Words: Gregory Caltabanis

With the Canadian Premier League kicking off its inaugural season in April, seven clubs across the nation will compete for the honour of being crowned champion. Currently, the league has teams in five Canadian cities and is actively looking to expand by 2020; but when will it be Montreal’s turn?

David Clanachan, the league’s commissioner, has no doubt the city’s time will come soon.

“If I don’t have soccer being played at a professional level in Montreal, then we’re missing a big part of what’s required in Canada,” said Clanachan. “The [Montreal] Impact is there, but it’s a big city and there’s room for more, no doubt.”

According to Clanachan, the Canadian Premier League’s aim is to have 10 teams in the next two years. By the 2026 World Cup — which Canada is co-hosting with the United States and Mexico — he’d like the league to be at 14 to 16 teams. With expansion on the horizon, the league’s executives are in talks with 18 different owner groups across the country.

“I’d like to think they all have a shot at it,” said Clanachan.

Real Monarchs midfielder and former FC Montreal star, Mastanabal Kacher, thinks Montreal would be an ideal landing spot for an eighth franchise.

The passion is there, it’s unreal. Look at the parks,” said Kacher. “Ten years ago when I was playing at the park it was almost empty. Right now you go to the park or the school — everyone’s playing soccer.”

Information provided by the Canadian Premier League. Infographic by Gregory Caltabanis.

At this summer’s Got Game trials — the Canadian Premier League’s open tryouts — Clanachan noted Montreal’s enthusiasm stood out.

“The passion, the attitude, and the hunger of the players that came out was unbelievable,” he said. “I know the game is alive and well in Montreal.”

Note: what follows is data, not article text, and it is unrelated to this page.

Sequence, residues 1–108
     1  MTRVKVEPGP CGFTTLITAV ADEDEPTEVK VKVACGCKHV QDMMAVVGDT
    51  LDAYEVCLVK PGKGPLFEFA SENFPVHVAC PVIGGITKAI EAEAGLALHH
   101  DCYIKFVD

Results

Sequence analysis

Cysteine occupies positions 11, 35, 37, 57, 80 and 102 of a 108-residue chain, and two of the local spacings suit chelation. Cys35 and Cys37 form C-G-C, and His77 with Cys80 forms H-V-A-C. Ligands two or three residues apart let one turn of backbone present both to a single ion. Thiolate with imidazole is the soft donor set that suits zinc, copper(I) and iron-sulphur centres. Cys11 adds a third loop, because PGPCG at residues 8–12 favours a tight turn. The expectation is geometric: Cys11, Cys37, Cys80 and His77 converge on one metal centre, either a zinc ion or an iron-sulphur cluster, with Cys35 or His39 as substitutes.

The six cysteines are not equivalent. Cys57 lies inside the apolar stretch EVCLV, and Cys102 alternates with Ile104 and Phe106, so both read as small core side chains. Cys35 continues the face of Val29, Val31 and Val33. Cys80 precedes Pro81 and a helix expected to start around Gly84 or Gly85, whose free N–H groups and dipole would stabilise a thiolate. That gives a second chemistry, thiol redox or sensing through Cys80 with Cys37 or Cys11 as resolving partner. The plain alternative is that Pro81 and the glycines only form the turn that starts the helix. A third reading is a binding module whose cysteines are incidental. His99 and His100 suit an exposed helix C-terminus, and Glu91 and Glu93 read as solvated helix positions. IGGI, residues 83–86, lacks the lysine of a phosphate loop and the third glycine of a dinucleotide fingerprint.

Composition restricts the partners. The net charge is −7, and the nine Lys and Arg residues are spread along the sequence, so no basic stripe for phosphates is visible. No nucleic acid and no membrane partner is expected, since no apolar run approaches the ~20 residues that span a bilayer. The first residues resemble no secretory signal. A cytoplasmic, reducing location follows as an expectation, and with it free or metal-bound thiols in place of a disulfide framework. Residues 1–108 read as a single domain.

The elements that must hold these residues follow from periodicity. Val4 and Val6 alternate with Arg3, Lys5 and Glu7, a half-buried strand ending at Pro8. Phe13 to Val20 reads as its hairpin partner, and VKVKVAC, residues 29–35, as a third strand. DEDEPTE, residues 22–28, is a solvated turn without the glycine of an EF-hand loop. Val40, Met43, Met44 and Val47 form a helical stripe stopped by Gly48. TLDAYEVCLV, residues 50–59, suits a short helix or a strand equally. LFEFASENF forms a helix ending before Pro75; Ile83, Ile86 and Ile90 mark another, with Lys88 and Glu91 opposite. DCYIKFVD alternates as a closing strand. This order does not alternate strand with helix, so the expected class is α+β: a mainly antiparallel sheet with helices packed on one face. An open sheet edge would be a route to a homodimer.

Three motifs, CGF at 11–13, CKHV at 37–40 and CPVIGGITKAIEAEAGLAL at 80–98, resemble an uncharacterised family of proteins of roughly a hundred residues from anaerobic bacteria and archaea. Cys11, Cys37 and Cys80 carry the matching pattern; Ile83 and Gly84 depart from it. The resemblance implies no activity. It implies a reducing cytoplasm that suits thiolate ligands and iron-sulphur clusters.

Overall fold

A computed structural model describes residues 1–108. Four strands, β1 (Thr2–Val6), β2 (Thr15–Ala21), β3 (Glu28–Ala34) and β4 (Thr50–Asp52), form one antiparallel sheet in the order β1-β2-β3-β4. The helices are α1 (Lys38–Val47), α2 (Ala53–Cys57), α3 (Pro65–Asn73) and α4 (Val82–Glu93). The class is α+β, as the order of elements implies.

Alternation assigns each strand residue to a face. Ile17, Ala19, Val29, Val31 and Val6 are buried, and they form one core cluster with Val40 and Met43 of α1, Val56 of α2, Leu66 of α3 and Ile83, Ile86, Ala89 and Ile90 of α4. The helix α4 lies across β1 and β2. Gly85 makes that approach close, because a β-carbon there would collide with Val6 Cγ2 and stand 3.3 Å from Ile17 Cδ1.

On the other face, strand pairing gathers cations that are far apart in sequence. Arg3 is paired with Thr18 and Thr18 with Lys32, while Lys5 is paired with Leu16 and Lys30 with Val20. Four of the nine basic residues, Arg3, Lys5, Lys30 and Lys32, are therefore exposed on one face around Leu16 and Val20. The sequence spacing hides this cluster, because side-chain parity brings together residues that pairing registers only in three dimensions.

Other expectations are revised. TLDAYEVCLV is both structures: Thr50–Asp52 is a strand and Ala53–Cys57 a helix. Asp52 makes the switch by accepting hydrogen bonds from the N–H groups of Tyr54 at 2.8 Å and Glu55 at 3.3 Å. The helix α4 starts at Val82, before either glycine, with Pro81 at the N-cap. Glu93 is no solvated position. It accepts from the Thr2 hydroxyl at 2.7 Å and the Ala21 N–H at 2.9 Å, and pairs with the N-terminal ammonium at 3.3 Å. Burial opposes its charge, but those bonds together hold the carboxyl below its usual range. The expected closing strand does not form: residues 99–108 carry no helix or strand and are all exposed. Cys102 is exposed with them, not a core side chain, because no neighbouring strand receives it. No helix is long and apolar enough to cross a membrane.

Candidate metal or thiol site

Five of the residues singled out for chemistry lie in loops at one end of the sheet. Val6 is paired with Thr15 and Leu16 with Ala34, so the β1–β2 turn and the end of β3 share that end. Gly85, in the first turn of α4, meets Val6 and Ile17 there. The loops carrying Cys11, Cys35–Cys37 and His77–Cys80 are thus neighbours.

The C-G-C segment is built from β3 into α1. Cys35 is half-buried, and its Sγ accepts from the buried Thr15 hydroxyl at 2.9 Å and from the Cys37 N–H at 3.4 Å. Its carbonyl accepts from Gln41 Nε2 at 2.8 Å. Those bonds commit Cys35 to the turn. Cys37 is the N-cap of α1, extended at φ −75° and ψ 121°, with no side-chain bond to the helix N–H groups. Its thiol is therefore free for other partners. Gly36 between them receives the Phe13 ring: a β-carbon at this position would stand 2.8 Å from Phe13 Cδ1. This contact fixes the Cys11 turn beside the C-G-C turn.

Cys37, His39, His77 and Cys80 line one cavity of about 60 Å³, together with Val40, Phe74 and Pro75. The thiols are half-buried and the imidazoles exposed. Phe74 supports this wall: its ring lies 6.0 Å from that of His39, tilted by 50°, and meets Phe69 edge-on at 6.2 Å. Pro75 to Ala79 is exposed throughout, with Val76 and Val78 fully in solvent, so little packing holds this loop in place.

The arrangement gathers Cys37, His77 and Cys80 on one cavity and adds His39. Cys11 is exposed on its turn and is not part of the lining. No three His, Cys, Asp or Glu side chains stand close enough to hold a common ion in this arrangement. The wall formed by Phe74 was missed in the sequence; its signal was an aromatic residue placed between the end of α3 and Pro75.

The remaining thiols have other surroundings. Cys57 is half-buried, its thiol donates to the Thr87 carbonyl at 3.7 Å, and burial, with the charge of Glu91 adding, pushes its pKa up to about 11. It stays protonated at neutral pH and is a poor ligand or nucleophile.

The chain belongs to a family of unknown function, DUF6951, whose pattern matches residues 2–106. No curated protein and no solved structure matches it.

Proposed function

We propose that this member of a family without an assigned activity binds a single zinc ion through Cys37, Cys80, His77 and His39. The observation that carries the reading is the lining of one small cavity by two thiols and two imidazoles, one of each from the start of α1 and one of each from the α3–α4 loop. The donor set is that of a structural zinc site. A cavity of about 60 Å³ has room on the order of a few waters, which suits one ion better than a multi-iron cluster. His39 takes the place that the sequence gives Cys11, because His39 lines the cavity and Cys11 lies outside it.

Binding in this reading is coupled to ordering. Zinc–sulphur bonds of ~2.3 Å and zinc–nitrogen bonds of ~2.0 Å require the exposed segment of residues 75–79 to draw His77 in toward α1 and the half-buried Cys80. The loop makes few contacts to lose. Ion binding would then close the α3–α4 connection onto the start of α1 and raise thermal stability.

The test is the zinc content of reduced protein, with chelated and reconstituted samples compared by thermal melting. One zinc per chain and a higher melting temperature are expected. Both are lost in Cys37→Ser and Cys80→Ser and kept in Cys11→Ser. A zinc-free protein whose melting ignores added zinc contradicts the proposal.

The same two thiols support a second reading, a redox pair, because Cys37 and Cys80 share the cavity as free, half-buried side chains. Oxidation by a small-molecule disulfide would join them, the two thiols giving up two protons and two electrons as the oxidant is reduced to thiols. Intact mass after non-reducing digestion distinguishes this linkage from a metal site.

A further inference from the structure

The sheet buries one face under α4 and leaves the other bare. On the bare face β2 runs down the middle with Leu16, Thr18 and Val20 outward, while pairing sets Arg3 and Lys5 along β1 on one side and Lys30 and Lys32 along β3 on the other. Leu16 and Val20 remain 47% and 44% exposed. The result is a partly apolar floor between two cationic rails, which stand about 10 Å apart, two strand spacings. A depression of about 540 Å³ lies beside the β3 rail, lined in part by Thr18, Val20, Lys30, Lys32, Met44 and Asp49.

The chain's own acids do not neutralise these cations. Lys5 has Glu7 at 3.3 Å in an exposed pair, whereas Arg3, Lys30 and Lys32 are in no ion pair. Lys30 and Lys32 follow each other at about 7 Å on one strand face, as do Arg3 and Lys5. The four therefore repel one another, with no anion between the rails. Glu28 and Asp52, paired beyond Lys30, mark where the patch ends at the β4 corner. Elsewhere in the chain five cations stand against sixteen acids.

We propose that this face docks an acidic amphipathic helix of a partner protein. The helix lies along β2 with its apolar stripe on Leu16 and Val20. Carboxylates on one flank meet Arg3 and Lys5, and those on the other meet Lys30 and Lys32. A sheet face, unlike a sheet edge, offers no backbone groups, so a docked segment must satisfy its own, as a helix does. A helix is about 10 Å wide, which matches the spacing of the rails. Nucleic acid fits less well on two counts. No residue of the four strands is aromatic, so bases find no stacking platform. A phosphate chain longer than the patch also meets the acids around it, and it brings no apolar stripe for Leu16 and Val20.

A franchise in the city would offer Montreal talent an opportunity to showcase themselves on the big stage, an opportunity Chakib Hocine would have appreciated when he was coming up in the Impact’s youth ranks in 2015.

“After the academy all we have is Major League Soccer clubs. You don’t have options,” said Hocine. “This league will give our players more options to develop.”

After FC Montreal’s dissolution in 2016, Hocine was forced to go abroad to Finland’s second division. Following an impressive stint in Europe, the 27-year-old earned a contract with the Canadian Premier League’s Halifax Wanderers.

“For now, I’m focused on Halifax — the team, the fans and the city. I’m excited for next season,” said Hocine.

With Hamilton, Ontario’s Forge FC taking on York 9, from Ontario’s York Region, in the league’s inaugural game on April 27, all eyes will be on the Tim Hortons Field in Hamilton. If Clanachan’s words are anything to go by, Montrealers might also soon have another team to cheer for.

“Soccer in Montreal is on fire. That’s the way I look at it,” said Clanachan.